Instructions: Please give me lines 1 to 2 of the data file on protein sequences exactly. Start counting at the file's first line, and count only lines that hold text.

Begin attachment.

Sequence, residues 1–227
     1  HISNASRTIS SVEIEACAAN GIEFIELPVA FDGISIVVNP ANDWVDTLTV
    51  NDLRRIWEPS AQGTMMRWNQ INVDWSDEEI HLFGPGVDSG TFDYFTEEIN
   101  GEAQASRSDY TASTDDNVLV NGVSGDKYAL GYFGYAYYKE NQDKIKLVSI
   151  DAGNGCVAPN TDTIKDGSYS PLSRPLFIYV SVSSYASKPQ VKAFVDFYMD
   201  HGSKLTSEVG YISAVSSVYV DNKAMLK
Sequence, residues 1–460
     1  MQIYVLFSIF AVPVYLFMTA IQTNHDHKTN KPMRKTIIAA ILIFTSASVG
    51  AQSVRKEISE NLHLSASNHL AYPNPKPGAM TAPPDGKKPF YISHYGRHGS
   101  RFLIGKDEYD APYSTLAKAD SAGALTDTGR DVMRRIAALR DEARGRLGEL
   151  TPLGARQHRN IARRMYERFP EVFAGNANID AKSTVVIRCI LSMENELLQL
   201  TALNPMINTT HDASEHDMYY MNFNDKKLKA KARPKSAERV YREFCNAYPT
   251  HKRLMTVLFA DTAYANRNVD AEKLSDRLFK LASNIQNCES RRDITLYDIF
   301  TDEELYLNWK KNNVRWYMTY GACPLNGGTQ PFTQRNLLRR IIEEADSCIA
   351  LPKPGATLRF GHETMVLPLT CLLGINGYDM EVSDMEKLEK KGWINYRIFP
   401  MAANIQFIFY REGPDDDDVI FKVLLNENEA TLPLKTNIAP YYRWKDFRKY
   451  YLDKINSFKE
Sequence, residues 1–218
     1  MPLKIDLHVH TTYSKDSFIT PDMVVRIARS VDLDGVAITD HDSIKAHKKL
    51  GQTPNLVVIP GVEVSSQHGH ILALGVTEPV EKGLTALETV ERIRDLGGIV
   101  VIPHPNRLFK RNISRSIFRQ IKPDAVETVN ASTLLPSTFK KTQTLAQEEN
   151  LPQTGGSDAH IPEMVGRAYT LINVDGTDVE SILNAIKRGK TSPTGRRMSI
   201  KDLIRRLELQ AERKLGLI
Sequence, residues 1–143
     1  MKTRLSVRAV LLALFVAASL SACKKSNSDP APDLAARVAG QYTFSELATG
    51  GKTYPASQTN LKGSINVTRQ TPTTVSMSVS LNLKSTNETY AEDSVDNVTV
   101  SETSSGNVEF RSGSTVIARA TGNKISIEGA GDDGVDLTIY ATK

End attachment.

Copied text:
Sequence, residues 1–227
     1  HISNASRTIS SVEIEACAAN GIEFIELPVA FDGISIVVNP ANDWVDTLTV